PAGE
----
2. Text Your Computer from The Outside World
The majority of us don’t work exclusively from our Android phones, let’s face it. The lens can also help you if you need to upload any real-world text to your computer.
Just follow the same steps as before, but this time, scan the panel at the bottom of the screen for the “Copy to computer” option. Any machine, running Windows, Mac, Linux, or Chrome OS should have that choice available as long as you are actively signed into Chrome with the same Google account. And when you tap it, you’ll see a list of all the locations that are accessible.
Simply select the desired system, and, as if by magic, the text from the real document will be on that computer’s clipboard and available for pasting wherever you desire. Ctrl-V (or Cmd-V on a Mac) will do the trick. It will automatically appear in any text field within a compatible app or process.
3. Hear Text from The Actual World Being Read Aloud
You might have recently received a lengthy memo, a printed-out brief, or a letter from your cherished aunt Sally. Whatever it is, while you’re on the go and in between meetings, give your eyes a break and let Lens read it for you.
Simply repeat our previous procedure of pointing your phone at the paper and selecting the “Text” option. Choose any text you like, and this time, seek the tiny “Listen” option in the panel at the bottom of the screen.
When you press that button with your pinky, the Google Lens app will read the selected text aloud to you in a calming voice. Hello, Google While we’re about it, how about reading a bedtime story?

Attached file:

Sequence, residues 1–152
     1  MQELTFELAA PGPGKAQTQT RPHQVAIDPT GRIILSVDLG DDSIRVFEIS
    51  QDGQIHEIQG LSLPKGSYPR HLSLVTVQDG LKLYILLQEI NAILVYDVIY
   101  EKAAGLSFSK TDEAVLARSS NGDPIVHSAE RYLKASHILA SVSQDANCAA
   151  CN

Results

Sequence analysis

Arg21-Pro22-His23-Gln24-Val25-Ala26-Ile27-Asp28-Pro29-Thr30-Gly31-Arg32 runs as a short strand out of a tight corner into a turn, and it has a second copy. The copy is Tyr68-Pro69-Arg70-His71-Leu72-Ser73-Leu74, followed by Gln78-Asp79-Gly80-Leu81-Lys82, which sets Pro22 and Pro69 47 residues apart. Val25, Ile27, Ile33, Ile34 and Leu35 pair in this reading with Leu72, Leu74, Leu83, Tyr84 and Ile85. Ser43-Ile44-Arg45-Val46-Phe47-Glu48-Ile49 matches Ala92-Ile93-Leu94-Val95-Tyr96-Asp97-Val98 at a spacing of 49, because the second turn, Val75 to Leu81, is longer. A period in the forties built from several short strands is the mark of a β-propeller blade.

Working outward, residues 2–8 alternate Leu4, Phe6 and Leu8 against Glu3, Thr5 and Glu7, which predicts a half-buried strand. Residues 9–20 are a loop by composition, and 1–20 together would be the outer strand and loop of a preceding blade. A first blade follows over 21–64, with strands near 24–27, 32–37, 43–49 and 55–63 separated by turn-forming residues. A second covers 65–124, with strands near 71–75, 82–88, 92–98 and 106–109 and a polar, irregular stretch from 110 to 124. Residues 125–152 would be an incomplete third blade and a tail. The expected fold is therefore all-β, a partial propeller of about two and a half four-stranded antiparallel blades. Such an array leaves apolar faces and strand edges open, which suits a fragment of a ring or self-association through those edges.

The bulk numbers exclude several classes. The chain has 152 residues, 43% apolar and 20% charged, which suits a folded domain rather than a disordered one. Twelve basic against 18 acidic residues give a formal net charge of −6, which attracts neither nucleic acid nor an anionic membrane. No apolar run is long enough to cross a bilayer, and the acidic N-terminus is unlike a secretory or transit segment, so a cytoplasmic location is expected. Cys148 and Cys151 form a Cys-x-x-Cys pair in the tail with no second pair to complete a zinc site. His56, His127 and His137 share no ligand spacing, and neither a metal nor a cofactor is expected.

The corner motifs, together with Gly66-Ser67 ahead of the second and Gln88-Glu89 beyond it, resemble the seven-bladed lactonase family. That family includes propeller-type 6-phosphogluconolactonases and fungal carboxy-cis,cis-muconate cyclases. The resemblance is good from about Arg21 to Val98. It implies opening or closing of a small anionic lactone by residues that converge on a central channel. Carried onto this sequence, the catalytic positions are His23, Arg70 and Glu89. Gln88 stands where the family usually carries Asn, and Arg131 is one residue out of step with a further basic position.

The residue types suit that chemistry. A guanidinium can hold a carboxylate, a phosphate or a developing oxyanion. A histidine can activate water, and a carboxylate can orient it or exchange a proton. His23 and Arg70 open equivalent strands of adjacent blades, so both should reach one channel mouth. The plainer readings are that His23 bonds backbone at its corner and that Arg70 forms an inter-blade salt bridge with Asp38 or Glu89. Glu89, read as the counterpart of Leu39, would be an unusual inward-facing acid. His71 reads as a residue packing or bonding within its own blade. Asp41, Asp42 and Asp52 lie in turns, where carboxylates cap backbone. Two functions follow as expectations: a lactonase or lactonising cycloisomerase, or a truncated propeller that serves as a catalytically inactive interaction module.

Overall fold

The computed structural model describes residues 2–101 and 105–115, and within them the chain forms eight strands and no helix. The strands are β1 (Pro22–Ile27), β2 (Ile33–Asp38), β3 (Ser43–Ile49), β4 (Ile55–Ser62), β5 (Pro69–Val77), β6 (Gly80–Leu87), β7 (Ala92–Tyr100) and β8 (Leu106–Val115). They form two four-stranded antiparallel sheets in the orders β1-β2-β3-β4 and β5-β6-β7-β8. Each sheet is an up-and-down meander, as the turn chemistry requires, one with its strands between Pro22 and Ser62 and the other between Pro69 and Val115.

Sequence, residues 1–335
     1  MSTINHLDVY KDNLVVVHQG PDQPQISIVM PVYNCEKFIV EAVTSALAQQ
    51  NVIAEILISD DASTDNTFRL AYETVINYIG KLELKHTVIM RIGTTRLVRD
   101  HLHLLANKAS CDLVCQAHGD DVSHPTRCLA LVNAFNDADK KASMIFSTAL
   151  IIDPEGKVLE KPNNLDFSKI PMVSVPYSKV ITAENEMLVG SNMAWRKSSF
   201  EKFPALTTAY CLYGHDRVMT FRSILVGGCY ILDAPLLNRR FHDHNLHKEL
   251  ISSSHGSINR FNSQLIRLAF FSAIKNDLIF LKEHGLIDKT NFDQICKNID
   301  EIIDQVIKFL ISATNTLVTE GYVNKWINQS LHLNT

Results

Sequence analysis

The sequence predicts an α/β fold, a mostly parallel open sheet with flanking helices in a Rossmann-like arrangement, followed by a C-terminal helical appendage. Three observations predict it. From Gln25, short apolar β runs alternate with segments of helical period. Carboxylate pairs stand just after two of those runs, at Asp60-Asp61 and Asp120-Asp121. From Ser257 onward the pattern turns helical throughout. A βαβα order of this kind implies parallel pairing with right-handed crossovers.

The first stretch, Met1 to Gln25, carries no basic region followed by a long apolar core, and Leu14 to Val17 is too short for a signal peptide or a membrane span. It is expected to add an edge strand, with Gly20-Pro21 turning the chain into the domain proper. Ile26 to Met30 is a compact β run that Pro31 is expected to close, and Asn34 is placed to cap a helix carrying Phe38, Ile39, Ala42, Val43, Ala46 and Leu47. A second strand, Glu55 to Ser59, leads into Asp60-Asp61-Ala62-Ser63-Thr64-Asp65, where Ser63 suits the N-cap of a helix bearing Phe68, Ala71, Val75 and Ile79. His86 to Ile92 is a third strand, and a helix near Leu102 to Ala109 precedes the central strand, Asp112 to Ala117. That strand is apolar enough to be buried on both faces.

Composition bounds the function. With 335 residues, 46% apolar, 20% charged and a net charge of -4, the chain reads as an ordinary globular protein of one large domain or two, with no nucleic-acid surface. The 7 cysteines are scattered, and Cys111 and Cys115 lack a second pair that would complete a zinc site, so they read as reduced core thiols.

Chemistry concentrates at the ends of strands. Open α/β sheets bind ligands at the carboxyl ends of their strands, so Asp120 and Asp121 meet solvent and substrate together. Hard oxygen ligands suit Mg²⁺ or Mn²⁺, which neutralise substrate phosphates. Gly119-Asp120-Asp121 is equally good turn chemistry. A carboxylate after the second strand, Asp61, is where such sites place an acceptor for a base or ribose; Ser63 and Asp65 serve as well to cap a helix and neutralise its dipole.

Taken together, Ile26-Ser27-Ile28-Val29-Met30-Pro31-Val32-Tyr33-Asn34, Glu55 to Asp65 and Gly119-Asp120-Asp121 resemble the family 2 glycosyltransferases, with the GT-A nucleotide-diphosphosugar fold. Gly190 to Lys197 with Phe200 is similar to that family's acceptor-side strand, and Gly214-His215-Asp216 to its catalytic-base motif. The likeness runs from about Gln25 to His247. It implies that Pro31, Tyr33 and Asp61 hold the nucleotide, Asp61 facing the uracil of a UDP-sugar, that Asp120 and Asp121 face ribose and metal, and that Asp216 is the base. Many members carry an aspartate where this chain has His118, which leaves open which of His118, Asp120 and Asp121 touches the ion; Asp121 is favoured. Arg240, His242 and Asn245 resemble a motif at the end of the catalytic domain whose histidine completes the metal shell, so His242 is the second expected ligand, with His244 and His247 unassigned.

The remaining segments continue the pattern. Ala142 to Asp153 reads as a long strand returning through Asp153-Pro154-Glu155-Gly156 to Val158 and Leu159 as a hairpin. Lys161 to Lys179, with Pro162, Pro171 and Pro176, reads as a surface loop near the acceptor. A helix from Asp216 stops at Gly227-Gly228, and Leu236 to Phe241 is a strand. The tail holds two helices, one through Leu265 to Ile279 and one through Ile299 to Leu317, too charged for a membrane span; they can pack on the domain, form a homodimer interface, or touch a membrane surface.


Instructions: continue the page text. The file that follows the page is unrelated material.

4. Interact with Text Within an Image.
In addition to the real-time content, Lens can extract and analyze text from photographs, including screenshots as well as the actual photos you’ve taken.
The last sentence raises some intriguing possibilities. Let’s say you recently received an email with a tracking number, but the tracking number is some weird form of text that annoys you by not being able to be copied. (It seems to me that this occurs far too frequently.) Or perhaps you’re viewing a web page or presentation where the text isn’t selectable for some reason.
So, take a screenshot by simultaneously pushing the power and volume-down buttons on your phone, and then go to the Google Lens app. On the Lens home screen, locate the screenshot, tap it, then select “Text” at the bottom of the display. The text you desire can then be easily selected.